Nick and I began our time in Africa with a week-long meeting conducted by the scientists behind the Together Tomorrow study (Drs. Rob Stephenson, Lynae Darbes, Tim Lane, and Heidi van Rooyen) that involved community partners from both South Africa and Namibia. This allowed for a large overview of this study of male-male couples in southern Africa. After the meeting, Nick and I have been tasked with assisting in the development of the survey for this study, which will be implemented beginning this fall, and will assess HIV prevention behaviors, needs, and preferences of male-male couples. Through this process, we have also been fortunate to meet with a number of individuals from the Gay and Lesbian Network of Pietermaritzburg, a community-based organization that is helping to implement the study. We have even been able to engage in some experiential learning into context-specific methods of disseminating research back to the community of participants. This particular experience consisted of riding in a caravan of 10 pickup trucks with study staff yelling in Zulu on megaphones and handing out fliers about the next day’s meeting time and place while we drove through three rural communities. Certainly different than advertising for a town hall in the US!
Throughout this diverse set of interactions—many of which involve discussions of sensitive topics like sex behaviors, gender identity, and drug use—Nick and I have come to realize that we are not the experts. While neither of us are the great minds behind the project and our own immaturity in research is no secret to either of us, I think that there is another element at play, as well: culture.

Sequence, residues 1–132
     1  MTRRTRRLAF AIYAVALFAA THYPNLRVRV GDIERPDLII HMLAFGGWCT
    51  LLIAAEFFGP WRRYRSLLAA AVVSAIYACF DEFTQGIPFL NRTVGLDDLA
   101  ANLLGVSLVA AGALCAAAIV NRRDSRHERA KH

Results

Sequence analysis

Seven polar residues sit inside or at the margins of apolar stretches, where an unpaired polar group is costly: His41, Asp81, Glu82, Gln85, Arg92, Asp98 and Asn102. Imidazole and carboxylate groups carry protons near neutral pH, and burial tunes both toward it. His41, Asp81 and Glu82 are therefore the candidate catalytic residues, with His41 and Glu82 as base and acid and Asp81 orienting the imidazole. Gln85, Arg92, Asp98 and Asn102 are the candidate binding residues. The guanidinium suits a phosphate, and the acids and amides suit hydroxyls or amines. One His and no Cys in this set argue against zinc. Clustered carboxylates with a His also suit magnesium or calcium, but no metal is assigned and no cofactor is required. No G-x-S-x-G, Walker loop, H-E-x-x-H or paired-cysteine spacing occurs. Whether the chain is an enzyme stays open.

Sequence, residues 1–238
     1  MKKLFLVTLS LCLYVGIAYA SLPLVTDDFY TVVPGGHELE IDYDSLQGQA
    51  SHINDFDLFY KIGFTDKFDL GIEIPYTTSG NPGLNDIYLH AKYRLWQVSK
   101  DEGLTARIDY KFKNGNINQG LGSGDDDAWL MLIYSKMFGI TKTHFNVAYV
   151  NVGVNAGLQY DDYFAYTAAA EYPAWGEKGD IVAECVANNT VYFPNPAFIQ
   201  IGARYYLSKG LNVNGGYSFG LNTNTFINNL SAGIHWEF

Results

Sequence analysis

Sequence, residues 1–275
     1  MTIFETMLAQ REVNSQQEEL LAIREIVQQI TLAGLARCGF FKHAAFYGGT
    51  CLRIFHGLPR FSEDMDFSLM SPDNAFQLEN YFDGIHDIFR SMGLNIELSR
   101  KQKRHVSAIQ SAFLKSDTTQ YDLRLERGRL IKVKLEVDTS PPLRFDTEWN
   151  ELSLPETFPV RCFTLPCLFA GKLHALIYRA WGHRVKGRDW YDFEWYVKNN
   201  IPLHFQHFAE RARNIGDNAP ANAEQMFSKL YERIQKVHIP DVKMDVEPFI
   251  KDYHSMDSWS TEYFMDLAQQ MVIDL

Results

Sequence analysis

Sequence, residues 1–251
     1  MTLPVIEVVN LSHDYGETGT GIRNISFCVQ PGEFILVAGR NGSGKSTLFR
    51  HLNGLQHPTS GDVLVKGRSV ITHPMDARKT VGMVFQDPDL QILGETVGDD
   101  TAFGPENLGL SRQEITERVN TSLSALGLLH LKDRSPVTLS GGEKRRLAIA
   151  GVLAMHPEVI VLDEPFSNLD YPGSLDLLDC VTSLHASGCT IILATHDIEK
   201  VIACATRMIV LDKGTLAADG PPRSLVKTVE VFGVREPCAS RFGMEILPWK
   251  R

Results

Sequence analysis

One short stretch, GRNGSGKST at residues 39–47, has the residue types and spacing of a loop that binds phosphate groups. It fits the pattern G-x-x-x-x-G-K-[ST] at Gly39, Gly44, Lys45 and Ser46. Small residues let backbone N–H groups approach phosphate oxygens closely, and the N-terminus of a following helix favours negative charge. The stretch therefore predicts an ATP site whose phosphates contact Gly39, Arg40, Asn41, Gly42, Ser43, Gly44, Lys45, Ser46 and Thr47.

Culture is the culmination of the regulations and tendencies—both spoken and unspoken—that belong to a specific group of people. These can, to a certain extent, be taught to and learned by outsiders. This process of learning and adapting, however, is not an overnight process, and there will always be dynamics that are missed by those that are not a part of that culture. To the culture which this project is addressing (that of men who have sex with men in South Africa and Namibia), Nick and I are certainly outsiders. The two of us cannot possibly understand the intricacies of what it is to be in a male-male relationship in South Africa or Namibia, and we cannot suppose that we know the answers to questions of health disparity, or even the questions to ask. We can, however, seek to learn and can take seriously the guidance offered to us by those who understand much better than we do.
Through seeking and heeding the advice given to us, we have been learning the importance of a posture of humility. If we are humble enough to know that we do not always know, humble enough to ask for direction and clarification, and humble enough to admit when we have been mistaken or we have assumed inappropriately, we can form the relationships and acquire the knowledge necessary to make a meaningful contribution to the study.
By the same token, Nick and I have begun to understand how incredibly important community engagement and participation is in research. Who are we to make assumptions and pretend that we understand the complexities of a culture, when we can tap the expertise of those who are living it? Without the investment of members of the community about whom the research is being conducted, investigations will inevitably miss the mark, ignore important information, and provide results that lack the depth and significance that are possible. With the investment of the community, however, research gains a depth of insight and applicability that can facilitate a deeper understanding of the results and, more importantly, can bring about real change toward greater health and equity, which is the ultimate goal of all that we do.